Figure 1
Figure 1

Magnetic Resonance Imaging in T1-weighted series of (A) axial, (B) coronal, and (C) sagittal sections. The hyperintense areas in topography of the right sphenoid sinus are evident in the three images, suggestive of fungal sinusitis. Hyperintense areas in the right superolateral cortical regions are evident in the three images, suggestive of cerebral infarction with luxury hyperemia by arteritis.

After examination, the patient was transferred from the clinical neurologist to a neurosurgeon, otolaryngologist and infectologist. He underwent trans-sphenoidal surgery with biopsy on 4 March 2006, which showed inflammation and intense infection by Aspergillus fumigatus by hematoxylin-eosin staining of biopsy samples (Figure 2).
Figure 2
Figure 2

Histopathological sections obtained by sphenoid biopsy demonstrating the presence of septate dichotomous hyphae by microscopy, suggesting Aspergillus spp . Hematoxylin Eosin (A) magnification is 40× and (B and C) 400× .

Parenteral liposomal amphotericin B (5 mg/kg/day) treatment was initiated but there was worsening of symptoms with a decreased level of consciousness after intensification of convulsive seizures and vomiting. Liposomal amphotericin B is an alternative for the treatment of choice in some cases. Here, liposomal amphotericin B was initiated because of its lower cost compared to voriconazole.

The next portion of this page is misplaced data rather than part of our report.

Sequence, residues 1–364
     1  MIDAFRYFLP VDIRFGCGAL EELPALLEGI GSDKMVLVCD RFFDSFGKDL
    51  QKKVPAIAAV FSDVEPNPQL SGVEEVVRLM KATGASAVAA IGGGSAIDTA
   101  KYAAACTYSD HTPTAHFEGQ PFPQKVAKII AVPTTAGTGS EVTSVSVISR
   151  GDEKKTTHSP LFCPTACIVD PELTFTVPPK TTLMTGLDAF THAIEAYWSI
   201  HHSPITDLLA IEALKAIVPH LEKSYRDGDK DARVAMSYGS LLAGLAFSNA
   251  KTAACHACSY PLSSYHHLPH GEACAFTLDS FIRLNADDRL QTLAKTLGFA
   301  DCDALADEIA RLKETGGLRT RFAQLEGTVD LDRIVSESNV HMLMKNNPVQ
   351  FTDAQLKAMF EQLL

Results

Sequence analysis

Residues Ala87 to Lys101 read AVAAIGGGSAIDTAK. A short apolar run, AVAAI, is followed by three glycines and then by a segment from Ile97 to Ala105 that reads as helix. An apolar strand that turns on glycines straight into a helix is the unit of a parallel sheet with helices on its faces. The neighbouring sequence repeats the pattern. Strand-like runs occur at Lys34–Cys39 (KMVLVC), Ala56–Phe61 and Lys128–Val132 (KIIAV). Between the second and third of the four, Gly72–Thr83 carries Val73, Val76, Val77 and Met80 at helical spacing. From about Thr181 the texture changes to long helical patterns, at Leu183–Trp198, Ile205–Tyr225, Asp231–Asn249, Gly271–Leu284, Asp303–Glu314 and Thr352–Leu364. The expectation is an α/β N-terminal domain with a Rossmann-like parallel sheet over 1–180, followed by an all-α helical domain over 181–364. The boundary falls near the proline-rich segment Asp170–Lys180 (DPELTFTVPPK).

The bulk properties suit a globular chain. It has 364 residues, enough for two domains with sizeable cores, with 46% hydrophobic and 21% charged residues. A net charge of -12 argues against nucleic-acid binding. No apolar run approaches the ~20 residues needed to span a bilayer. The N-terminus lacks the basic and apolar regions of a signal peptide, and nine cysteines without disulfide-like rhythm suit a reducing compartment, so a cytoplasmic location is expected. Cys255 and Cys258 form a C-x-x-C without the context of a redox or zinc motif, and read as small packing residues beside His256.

A second surgery was performed on 17 May 2006 to implant a subcutaneous Ommaya - Hickmann reservoir and intra-ventricular catheter. Ventricular CSF was collected and examination showed 820 cells/mm3, 58% neutrophils, 106 mg% protein and 31 mg% glucose, with negative culture.

A new cranial CT scan showed right cerebral hemisphere infarction, and a catheter was placed into the right lateral ventricle and there was a reduction of hydrocephalus. Liposomal amphotericin B 5 mg/kg by reservoir on alternate days was initiated while maintaining NPH parenteral insulin and tegretol l.600 mg/day. The Infectious Diseases Society (IDSA) guidelines recommend 3–5 mg/kg/day of liposomal amphotericin B for treatment of cerebral aspergillosis. The scheme was administered on alternate days because of the patient’s clinical condition and comorbidities.

The galactomannan test was not performed. Diagnosis of fungal infection was made by histopathology. Histopathological sections obtained by sphenoid biopsy demonstrated the presence of septate hyphae with dichotomous branching, suggesting Aspergillus spp.

There was progressive clinical improvement, seizures stopped, and the patient awoke, could feed orally and walk, with support, with reduced left hemiparesis. The patient was discharged on 14 June 2006 with a prescription of 600 mg/day tegretol + 150 mg fluconazol 2 capsules/day.